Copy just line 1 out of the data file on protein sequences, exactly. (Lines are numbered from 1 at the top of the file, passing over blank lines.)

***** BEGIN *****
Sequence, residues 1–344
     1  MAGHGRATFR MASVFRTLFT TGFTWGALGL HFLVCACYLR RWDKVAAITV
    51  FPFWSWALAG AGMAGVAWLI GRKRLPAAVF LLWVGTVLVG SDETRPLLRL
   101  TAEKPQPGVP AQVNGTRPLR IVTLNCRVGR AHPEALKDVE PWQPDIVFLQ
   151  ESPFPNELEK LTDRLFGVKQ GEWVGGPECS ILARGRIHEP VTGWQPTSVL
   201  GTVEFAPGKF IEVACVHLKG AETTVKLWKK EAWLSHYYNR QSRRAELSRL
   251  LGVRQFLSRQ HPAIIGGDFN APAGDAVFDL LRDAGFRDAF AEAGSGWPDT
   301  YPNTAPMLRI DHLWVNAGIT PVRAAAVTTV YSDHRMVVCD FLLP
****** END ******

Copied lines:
Sequence, residues 1–344